Just over a year before Yale-NUS opens its doors, top University officials remain unable to explain what constraints on political expression its students will face. The Wall Street Journal reported on July 16 that, according to Yale-NUS President Pericles Lewis, students at the new school will not be allowed to form political parties or stage political protests on campus.
Lewis disputes the paraphrase in the Journal, and he and Yale University President Richard Levin criticized recent press accounts for misrepresenting the new college’s policies on political expression in a statement last week. But neither president has offered a clear explanation of the new college’s policies, making it disappointingly clear that freedom is an afterthought to Yale’s venture into Singapore.
Lewis told the News last week that Yale-NUS students will be guaranteed “all forms of political expression consistent with Singaporean Law.” That is no comfort, given the dangerous restrictiveness of Singaporean law. Moreover, Lewis has failed to explain what that policy means. He has promised that the school will release a specific policy, eventually, and in the meantime he dismissed any further questions about student freedoms as hypotheticals.
Levin, meanwhile, pointed out in an interview with the News last week that Yale had carved out guarantees of academic freedom and nondiscrimination at Yale-NUS. But he declined to comment about what sort of restrictions on free speech Yale-NUS students will face. Political freedoms, it seems, were not considered important enough to be conditions for the project.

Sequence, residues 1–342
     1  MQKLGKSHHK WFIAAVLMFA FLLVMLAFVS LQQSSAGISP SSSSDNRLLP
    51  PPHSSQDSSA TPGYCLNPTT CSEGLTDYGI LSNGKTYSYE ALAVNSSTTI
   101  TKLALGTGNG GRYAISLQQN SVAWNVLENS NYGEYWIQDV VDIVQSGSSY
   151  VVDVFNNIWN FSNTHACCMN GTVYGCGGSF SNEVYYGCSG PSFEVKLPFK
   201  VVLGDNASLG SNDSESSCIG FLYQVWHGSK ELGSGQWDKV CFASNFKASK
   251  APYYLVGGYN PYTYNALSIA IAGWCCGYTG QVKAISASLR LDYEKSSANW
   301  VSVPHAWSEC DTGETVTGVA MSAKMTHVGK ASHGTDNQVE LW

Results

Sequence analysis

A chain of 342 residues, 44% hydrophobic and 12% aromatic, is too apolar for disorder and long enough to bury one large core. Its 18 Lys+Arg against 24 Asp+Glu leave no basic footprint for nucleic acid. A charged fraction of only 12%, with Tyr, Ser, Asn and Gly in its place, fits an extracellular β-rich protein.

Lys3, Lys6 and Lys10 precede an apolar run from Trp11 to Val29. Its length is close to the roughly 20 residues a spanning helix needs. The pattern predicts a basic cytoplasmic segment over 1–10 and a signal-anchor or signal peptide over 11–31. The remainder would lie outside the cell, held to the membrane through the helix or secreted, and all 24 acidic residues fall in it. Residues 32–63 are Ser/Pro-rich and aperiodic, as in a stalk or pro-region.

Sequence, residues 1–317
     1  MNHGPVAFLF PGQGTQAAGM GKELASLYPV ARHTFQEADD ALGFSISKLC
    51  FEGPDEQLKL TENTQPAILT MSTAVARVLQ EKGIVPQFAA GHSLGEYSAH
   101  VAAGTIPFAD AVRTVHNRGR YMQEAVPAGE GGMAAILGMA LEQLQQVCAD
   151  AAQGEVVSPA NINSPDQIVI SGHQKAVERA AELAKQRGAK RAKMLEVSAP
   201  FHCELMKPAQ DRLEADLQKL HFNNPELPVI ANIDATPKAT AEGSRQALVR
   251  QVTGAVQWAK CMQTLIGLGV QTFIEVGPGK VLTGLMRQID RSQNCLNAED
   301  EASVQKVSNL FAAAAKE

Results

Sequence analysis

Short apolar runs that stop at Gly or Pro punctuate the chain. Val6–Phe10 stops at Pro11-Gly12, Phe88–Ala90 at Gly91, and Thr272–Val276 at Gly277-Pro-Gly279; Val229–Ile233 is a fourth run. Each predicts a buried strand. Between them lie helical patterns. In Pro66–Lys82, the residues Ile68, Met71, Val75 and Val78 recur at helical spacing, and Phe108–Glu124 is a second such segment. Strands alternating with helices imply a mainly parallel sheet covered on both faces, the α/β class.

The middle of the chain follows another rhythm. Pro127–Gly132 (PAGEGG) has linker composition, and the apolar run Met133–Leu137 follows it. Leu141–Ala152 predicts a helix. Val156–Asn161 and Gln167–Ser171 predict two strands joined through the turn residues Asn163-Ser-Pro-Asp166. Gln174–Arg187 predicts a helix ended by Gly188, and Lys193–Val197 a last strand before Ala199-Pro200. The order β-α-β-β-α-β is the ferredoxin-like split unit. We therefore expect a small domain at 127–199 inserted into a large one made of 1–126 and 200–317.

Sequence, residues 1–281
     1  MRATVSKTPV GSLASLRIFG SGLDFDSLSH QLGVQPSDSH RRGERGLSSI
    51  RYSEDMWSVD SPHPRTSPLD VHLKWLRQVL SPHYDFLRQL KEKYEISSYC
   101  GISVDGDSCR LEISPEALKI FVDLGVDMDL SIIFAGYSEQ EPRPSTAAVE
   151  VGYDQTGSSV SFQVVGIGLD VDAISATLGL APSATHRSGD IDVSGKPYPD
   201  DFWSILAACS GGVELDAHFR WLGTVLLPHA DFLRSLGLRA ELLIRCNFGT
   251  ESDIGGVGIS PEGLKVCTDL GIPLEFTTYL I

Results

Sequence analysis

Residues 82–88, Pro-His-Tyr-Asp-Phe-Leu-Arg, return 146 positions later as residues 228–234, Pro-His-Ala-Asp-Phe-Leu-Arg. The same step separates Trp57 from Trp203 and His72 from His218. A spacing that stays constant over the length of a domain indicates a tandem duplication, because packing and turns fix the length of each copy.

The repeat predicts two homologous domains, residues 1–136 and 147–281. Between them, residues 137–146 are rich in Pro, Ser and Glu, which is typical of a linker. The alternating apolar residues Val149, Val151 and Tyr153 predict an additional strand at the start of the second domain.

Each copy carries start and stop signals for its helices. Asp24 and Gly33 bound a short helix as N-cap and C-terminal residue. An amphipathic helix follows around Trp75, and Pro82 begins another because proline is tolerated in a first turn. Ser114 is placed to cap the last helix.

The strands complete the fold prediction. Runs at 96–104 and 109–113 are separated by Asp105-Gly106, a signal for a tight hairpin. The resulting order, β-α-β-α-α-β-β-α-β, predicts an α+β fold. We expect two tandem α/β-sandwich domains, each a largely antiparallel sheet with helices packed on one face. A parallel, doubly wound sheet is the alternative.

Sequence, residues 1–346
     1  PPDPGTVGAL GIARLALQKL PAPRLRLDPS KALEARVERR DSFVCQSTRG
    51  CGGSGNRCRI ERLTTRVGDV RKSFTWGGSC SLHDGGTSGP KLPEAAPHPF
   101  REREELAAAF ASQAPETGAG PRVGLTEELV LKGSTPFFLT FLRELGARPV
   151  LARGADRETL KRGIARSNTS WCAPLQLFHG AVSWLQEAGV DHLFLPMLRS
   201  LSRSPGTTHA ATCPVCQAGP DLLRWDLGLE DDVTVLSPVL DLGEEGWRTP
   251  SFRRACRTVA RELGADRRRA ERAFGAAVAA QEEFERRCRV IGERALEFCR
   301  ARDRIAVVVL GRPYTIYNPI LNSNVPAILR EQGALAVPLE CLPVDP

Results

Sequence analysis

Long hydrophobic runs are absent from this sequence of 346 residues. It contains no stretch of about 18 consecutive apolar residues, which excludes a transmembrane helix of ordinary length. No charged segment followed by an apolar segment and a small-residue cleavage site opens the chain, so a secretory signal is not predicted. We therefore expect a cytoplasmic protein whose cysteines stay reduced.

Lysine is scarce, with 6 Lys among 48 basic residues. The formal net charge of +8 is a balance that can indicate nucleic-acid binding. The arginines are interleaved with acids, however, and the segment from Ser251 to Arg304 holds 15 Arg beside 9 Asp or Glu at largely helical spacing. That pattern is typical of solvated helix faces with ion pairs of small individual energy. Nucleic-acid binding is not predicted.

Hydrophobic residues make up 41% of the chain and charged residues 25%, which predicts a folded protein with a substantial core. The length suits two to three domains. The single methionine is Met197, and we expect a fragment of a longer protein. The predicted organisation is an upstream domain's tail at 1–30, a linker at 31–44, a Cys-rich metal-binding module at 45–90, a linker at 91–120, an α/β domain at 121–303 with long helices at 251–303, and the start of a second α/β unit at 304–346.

Political activity is fundamental to life at Yale. When something strikes us as wrong, we stand up against it; we tell the world what we think is right. In the process, we hone our own ideas of what is right. We read philosophy in our classes, but we then orient ourselves outwards, conceiving of ourselves always in the context of New Haven, the United States, the world. We want our ideas to amount to more than a theory cleverly defended in a paper or a debate.
If Yale’s name comes to stand for less than that spirit abroad, we will have lost sight of ourselves at home, too. For the University to become a leader in the globalization of education, it must do so in a way that promotes the kind of education — always free, always probing, sometimes subversive — it has celebrated for three centuries.
Establishing a new college halfway around the world is no simple task. There are clearly issues to worry about other than political freedom. But it is unacceptable for an institution that takes pride in liberal values to avoid the issue of freedom of expression as Yale and Yale-NUS have done in the past week.
The administration should delay no further in developing and publicizing specific policies concerning political freedoms at Yale-NUS. Its inability to give clear answers is only tarnishing the project and embarrassing Yale. And Yale students should remember that, unlike their counterparts in Singapore, they can speak — and protest — freely.